What makes a pistol reliable enough for you to carry?

Discussion in 'Concealed Carrying & Personal Protection' started by SSGN_Doc, Mar 7, 2020.

  1. Maineiak

    Maineiak Active Member

    I don't have to shoot at a CCW course in the state I live in, but when I lived in Texas I used a Ruger P90.
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  2. Trunk Monkey

    Trunk Monkey Well-Known Member

    This link will take you to a list of Handgun Ammunition recommended for Duty use by dr. Gary Roberts


  3. JimRau

    JimRau Well-Known Member Supporter

    I guess, in a nut shell, I would say USING it for a reasonable time proves it is reliable enough to depend on it. The same with any 'machine/tool'!:) You would not believe how many people I have talked to who simply buy a gun and just load it and start carrying it!:eek:
  4. 7point62

    7point62 Lifetime Supporting Member Lifetime Supporter

    Look, you're gonna get a million suggestions about guns. A well-made firearm with quality ammo, kept flawlessly clean, is likely to be a lot more reliable than the human being behind the trigger. The shooter is the weak link in the chain. Even experienced life-long gun-handlers are not immune from error in a high-stress moment.

    Hone your abilities to a sharp edge. The sharper you are, the more reliable the partnership between you and your firearm.
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  5. Sierra 173

    Sierra 173 Active Member

    As someone new to CCW, it would be helpful to know why some of you are saying that your EDC has to be able to run all types and bullet sizes of ammo through it flawlessly.

    Centerline, I run different ammo through my pistols to find out if they will balk at any certain kinds of ammo because if they do then that is a weakness of which I should be aware. By finding that weakness, I can then either have the pistol fixed, replaced or at least know what not to use in hostile situation if something does happen. It's all a part of being alert and aware for a complete situational awareness for me.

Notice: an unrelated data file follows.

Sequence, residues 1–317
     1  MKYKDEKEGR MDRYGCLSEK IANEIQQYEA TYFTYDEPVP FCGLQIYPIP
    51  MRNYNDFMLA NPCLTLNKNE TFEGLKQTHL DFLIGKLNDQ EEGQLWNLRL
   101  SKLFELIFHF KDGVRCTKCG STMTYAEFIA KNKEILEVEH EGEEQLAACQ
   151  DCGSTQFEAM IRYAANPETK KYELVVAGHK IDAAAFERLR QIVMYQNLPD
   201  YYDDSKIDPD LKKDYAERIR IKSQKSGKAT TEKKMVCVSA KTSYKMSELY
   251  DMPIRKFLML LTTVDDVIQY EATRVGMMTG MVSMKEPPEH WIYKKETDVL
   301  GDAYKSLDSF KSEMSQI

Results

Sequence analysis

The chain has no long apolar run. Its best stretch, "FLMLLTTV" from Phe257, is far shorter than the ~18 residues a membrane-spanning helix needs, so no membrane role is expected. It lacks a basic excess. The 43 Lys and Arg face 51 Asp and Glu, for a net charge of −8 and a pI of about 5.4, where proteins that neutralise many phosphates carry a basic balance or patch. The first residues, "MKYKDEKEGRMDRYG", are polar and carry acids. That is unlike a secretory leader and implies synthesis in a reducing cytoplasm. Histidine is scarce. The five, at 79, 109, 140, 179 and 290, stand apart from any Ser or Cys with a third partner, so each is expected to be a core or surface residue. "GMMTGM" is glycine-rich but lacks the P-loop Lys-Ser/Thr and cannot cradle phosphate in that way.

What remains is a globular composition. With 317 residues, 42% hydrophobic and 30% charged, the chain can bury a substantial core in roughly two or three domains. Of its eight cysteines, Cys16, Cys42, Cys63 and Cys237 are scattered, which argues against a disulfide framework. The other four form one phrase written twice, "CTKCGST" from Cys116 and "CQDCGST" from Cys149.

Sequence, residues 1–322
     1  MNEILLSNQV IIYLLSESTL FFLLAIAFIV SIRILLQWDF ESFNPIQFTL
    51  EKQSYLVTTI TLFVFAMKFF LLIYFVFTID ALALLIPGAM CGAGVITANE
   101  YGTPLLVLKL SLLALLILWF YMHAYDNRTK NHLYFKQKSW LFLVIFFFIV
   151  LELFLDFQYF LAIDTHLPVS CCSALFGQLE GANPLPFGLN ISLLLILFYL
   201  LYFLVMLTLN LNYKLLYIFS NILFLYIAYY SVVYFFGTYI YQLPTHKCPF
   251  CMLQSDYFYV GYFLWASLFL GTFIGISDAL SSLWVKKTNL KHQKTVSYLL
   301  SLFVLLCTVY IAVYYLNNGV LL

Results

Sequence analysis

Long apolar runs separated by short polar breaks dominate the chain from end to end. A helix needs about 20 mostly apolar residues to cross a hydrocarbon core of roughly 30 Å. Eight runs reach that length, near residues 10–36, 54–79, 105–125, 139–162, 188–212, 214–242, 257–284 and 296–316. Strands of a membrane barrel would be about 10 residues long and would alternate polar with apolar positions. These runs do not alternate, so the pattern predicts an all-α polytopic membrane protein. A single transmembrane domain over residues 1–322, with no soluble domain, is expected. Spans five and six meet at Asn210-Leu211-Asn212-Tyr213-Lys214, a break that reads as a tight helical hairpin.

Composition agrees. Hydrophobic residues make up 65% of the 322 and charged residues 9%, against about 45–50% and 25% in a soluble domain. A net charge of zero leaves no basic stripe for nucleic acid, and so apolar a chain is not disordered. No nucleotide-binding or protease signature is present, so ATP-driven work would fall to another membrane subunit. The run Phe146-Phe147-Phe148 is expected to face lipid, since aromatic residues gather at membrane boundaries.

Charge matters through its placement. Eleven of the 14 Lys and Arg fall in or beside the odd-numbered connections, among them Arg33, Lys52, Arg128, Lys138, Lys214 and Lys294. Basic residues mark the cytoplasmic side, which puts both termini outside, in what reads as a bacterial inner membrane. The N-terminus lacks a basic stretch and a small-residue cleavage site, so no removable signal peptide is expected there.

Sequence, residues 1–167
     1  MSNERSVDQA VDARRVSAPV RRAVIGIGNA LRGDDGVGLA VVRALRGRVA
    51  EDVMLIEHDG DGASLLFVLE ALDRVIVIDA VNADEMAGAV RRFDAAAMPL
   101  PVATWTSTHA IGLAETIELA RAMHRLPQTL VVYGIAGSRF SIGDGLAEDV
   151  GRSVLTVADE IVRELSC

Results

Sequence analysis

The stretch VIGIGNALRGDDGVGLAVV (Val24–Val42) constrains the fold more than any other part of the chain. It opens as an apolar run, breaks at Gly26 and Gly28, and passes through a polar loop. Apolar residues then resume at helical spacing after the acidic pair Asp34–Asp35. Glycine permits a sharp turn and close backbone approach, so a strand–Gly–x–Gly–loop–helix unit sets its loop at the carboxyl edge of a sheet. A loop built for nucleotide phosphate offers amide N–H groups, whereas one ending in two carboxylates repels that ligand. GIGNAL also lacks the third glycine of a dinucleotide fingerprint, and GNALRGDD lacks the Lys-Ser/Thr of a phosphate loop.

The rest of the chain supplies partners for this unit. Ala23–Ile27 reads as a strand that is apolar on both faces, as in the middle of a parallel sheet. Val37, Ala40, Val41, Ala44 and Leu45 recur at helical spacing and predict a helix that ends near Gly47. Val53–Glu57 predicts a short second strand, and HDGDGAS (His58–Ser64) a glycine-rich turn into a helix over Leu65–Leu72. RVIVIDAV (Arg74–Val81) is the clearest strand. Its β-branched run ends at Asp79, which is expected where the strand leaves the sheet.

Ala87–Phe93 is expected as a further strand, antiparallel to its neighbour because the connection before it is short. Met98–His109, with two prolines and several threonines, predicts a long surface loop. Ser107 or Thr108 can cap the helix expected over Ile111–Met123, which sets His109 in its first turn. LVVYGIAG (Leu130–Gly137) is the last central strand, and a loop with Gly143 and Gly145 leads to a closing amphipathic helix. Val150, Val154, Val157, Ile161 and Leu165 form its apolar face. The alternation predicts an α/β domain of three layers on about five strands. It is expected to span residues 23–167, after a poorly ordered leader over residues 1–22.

Situational awareness is often what can keep a guy alive and keep him out of trouble. If, right now, I see cars and trucks starting to back up on an interstate highway, I look for a nearby exit ramp just in case there are protestors blocking the highway and trying to destroy cars and attacking people in vehicles. If I can avoid trouble, with the ammo or taking an exit ramp, I'm ahead of trouble in many ways. That's all knowledge of what ammo your pistol can and can not handle is: an extension of your knowledge and a way to use your knowledge to your advantage.
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  6. Chuck Roberts

    Chuck Roberts Member

    I did a video a while back on my thoughts, so here it is, and worth every penny you paid fer it:D
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  7. G66enigma

    G66enigma Well-Known Member

    If you're referring to my earlier comments, among others: I didn't say run all ammo types/sizes flawlessly. Should have clarified. If I can find a single make/model/weight of ammo that ends up surviving 1000rds flawlessly, then that's the ammo I'll select for that sidearm. Of course, the run-up in the eval that I typically do does indeed involve various ammunition from different makers, different weights, etc. Until I find a good one that seems to be reliable. Then I hammer it. And when that one hits 1000rds, it's officially on the list. If I can't seem to get any given make/model of ammo to survive well on the platform: the sidearm's gone, and I seek a different one.

    In some instances, I've tried 3-4 different examples of a given make/model of sidearm. (When everything's right but the apparent reliability.)

    In my own case, perhaps some of it is me. In a past life, I damaged my shooting hand sufficiently that it's likely still got fair weakness in terms of providing a solid anchor for firing. (Don't obviously limp-wrist things, but slight changes can alter the timing of a sidearm under fire.)

    Anyway. There you go.
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  8. AgedWarrior

    AgedWarrior Active Member

    I want to know that the gun will operate well with various brands/types of ammo. No way do I try every available 9mm ammo in my EDC, but I want to know it functions reliably with a wide variety because I cannot guarantee I will always be able to get my preferred ammo. Normally I have no issue maintaining a supply of preferred ammo, but it is evident in today’s environment that supplies could dry up or force you to change ammo. Having said this, I would also say that I have found most all my guns perform rather well with a good variety of ammo.
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  9. Centerliner

    Centerliner Member Supporter

    Thanks for the link Trunk Monkey, I'll check it out.

    Thank-you gentlemen, I appreciate your answers.
    They are logical and well-reasoned.
    I feel like I'm back in a Defense shooting class with multiple instructors.